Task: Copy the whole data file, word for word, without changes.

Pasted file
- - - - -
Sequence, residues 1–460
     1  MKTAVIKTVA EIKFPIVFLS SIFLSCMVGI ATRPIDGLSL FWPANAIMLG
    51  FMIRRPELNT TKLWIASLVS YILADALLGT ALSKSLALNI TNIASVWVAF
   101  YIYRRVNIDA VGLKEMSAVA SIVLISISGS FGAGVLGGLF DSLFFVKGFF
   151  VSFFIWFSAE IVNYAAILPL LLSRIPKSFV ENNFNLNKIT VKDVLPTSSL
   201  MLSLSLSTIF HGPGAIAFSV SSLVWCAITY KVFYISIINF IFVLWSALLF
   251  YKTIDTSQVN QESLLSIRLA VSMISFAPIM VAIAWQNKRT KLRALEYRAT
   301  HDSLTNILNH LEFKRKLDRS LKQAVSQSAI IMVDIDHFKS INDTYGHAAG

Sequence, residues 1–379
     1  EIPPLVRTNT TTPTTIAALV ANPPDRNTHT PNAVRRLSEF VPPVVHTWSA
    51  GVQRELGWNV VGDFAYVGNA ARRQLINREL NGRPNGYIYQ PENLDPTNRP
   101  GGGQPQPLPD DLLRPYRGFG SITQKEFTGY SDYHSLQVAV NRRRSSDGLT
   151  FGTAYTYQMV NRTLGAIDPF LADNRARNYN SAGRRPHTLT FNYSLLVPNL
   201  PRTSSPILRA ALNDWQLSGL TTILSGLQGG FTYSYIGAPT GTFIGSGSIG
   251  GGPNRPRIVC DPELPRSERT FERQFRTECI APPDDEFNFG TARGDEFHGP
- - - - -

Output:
Sequence, residues 1–460
     1  MKTAVIKTVA EIKFPIVFLS SIFLSCMVGI ATRPIDGLSL FWPANAIMLG
    51  FMIRRPELNT TKLWIASLVS YILADALLGT ALSKSLALNI TNIASVWVAF
   101  YIYRRVNIDA VGLKEMSAVA SIVLISISGS FGAGVLGGLF DSLFFVKGFF
   151  VSFFIWFSAE IVNYAAILPL LLSRIPKSFV ENNFNLNKIT VKDVLPTSSL
   201  MLSLSLSTIF HGPGAIAFSV SSLVWCAITY KVFYISIINF IFVLWSALLF
   251  YKTIDTSQVN QESLLSIRLA VSMISFAPIM VAIAWQNKRT KLRALEYRAT
   301  HDSLTNILNH LEFKRKLDRS LKQAVSQSAI IMVDIDHFKS INDTYGHAAG

Sequence, residues 1–379
     1  EIPPLVRTNT TTPTTIAALV ANPPDRNTHT PNAVRRLSEF VPPVVHTWSA
    51  GVQRELGWNV VGDFAYVGNA ARRQLINREL NGRPNGYIYQ PENLDPTNRP
   101  GGGQPQPLPD DLLRPYRGFG SITQKEFTGY SDYHSLQVAV NRRRSSDGLT
   151  FGTAYTYQMV NRTLGAIDPF LADNRARNYN SAGRRPHTLT FNYSLLVPNL
   201  PRTSSPILRA ALNDWQLSGL TTILSGLQGG FTYSYIGAPT GTFIGSGSIG
   251  GGPNRPRIVC DPELPRSERT FERQFRTECI APPDDEFNFG TARGDEFHGP